There are several reasons cited by major contractors for following internationally recognised standards that are not specifically required by law. These include the ability to standardise the company's processes and services to increase efficiency; plus the ability to bid for work in markets that require the additional standards such as the oil and gas sector, municipalities and government departments.
And for those standards that are legally required, ensuring that all work is carried out within guidelines is essential in order that the final building produced can be used. "Currently, before we can pour a [concrete] slab on site we have to get the work inspected by the municipality; they have to be convinced that the supporting structure is correct," states the spokesperson. "The municipality has to sign off the slab pour and we must show these documents before can get an occupation notice on completion of the building," he explains.
So with the Deira building collapse fresh in everyone's minds, are the regulations for the region's construction industry likely to become stricter?
"Not necessarily," stated Al Khatib. "This issue is more related to companies adhering to the local law and construction guidelines imposed by the local authorities rather than not having the right law in place. Nevertheless, it might raise a need for better or stronger specifications and standards."
"The need for standards and best practices is increasing due to the nature of high-profile, huge, extremely expensive projects in the Middle East region, there is a strong demand and need for international best practices and standards," adds Al Khatib.
Economic circumstances also play a part in any tightening of and adherence to standards, making the current situation a significant issue. "In the current economic climate, where costs are being driven down, there will be more temptation to cut corners on quality," warns Bowsher.
Enforcement of the standards is made by different local authorities throughout the region. "In the UAE, for example, Abu Dhabi Municipality is in charge of enforcing HSE (14 and 18) implementation and certification to the build and construction sector of Abu Dhabi," reports Al Khatib. "PFPF member firm Warrington Fire has a role with the Civil Defence Department of Dubai in setting and maintaining standards," adds Sugden.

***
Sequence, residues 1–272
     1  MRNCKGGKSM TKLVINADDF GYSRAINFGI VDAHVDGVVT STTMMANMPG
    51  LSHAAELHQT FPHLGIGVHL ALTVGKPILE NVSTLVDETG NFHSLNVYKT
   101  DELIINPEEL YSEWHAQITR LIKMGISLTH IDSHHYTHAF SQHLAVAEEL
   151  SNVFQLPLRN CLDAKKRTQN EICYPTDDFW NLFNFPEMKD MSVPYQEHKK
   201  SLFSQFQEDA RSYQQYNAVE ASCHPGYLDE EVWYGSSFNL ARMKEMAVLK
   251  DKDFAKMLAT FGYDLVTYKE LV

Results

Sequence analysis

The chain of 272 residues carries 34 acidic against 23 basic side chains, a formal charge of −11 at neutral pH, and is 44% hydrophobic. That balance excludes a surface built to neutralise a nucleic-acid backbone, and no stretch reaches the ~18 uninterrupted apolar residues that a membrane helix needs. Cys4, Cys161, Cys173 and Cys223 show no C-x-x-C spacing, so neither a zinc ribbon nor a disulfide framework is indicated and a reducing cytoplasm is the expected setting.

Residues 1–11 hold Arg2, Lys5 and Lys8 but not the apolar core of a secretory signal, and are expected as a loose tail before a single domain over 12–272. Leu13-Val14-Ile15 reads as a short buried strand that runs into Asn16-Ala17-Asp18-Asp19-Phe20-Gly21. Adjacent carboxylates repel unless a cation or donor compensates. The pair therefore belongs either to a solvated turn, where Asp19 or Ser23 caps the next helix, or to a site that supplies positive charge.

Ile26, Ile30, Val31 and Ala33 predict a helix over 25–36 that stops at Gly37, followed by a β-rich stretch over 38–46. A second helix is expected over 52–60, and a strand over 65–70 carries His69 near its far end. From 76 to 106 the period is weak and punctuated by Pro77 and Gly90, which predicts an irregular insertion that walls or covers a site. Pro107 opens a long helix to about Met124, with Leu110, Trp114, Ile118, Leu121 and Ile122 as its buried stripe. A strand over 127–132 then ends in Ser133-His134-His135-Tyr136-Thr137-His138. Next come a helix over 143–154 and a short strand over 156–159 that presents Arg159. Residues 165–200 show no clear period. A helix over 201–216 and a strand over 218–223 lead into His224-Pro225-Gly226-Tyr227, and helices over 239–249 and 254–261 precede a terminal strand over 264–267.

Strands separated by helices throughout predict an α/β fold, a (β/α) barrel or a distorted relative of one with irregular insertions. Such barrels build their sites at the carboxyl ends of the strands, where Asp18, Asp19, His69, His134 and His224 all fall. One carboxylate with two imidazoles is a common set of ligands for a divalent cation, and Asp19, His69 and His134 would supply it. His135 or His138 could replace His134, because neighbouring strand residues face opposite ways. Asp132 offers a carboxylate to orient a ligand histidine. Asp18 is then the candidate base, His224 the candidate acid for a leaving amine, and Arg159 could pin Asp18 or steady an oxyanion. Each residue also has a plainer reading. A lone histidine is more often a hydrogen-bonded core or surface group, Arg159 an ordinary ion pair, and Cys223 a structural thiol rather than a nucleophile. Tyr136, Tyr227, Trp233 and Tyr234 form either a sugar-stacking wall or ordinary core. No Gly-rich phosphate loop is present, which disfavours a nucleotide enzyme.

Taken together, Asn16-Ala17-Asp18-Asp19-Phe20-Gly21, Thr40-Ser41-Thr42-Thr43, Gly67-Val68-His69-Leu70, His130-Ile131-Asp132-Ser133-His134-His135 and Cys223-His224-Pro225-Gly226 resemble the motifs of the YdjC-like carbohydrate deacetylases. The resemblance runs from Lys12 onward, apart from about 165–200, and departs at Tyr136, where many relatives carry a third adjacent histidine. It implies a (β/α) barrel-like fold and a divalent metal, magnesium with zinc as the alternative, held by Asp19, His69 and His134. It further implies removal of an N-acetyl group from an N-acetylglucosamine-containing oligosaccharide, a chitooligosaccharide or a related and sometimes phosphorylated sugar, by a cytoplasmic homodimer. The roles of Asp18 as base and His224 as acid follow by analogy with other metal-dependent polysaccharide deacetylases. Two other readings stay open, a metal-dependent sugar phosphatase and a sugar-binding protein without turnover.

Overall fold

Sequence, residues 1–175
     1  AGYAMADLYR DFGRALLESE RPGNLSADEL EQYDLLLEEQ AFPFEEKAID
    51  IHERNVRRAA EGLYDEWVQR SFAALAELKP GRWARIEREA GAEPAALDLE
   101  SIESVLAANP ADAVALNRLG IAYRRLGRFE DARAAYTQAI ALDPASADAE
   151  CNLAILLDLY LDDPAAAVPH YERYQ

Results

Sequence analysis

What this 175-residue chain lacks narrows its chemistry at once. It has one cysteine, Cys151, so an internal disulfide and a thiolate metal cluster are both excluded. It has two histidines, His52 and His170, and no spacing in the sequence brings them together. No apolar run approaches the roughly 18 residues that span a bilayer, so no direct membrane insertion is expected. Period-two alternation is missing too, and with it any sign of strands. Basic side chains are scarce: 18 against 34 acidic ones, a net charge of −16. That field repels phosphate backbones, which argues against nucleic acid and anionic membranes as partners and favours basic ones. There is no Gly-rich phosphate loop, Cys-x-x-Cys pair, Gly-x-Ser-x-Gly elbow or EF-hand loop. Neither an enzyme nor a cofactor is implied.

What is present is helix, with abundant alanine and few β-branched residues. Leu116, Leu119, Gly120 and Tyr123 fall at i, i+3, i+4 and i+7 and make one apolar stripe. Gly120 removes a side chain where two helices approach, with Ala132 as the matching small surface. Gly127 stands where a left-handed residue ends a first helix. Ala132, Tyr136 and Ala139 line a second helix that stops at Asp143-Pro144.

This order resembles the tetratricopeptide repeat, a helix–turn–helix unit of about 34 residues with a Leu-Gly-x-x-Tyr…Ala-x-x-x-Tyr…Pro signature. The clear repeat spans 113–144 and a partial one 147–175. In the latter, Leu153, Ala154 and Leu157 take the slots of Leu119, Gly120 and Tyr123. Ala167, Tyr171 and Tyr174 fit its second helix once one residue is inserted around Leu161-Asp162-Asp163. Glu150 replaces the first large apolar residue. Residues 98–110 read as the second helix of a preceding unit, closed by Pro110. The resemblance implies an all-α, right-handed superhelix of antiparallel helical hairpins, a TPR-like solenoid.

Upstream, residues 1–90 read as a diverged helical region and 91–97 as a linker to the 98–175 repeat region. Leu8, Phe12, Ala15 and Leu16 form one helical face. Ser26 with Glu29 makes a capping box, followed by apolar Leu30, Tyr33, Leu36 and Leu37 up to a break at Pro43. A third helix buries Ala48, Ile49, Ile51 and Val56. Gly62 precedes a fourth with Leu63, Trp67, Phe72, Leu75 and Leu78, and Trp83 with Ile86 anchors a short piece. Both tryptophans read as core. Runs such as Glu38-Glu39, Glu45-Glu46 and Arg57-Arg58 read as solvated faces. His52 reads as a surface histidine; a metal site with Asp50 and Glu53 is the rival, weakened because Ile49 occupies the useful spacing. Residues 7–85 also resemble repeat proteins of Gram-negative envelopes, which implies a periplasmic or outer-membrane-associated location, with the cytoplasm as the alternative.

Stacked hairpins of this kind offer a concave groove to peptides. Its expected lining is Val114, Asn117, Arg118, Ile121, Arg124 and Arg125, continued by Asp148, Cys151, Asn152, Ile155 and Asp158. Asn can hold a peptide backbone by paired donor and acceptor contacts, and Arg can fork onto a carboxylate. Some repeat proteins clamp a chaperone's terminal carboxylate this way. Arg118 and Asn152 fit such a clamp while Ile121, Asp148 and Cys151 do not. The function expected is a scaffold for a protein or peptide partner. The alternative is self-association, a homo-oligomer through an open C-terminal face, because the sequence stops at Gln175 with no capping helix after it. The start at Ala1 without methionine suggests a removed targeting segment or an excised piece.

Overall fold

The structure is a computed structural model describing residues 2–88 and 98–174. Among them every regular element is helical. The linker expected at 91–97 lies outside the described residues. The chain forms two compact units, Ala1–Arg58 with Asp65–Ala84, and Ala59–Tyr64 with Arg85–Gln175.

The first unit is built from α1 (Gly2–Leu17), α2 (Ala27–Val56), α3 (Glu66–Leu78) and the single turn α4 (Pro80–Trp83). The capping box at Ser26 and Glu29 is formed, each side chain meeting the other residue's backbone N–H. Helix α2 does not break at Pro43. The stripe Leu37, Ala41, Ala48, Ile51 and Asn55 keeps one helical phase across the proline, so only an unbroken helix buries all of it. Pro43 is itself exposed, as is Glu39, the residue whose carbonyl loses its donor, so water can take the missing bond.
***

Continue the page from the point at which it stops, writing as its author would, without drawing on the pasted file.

Penalties for non-compliance vary according to the severity of the consequences that this would invoke and could involve a warning notice, fine, removal of trading license or, in the event of a death on site, the people deemed responsible can be jailed.
And aside from potential legal consequences, operating without applying recognised standard procedures can create even more serious issues. "The penalty for occupants if a passive fire system is not properly installed is death," stresses Sugden.
So what more can be done to ensure that buildings are constructed to international standards and standards-certified products are used on projects?
"Create national building regulations, design codes and product standards and enforce their use," suggests Bowsher.
Ensuring that the message reaches a wider audience is also vital. "Establishing forums where experts and end-users can get together to discuss several related issues and share ideas and working with the local authorities on regulating many of those standards," he adds.
Into the future
One of the major forthcoming events due to take place in the standards sector is the introduction of Eurocodes. These structural codes are scheduled to come into force in March 2010 and the flexibility of their design has meant that several countries outside of Europe have already committed to adopting Eurocodes reports the BSI.
BSI is currently working to identify existing regulations for construction.
The introduction of the Eurocodes has several objectives, including the provision of common design criteria for mechanical resistance; to form a common basis for research and development, in the construction industry; and to enable the preparation of common design aids and software. They are also intended to provide a common understanding regarding the design of structures between designers, manufacturers and contractors of construction products.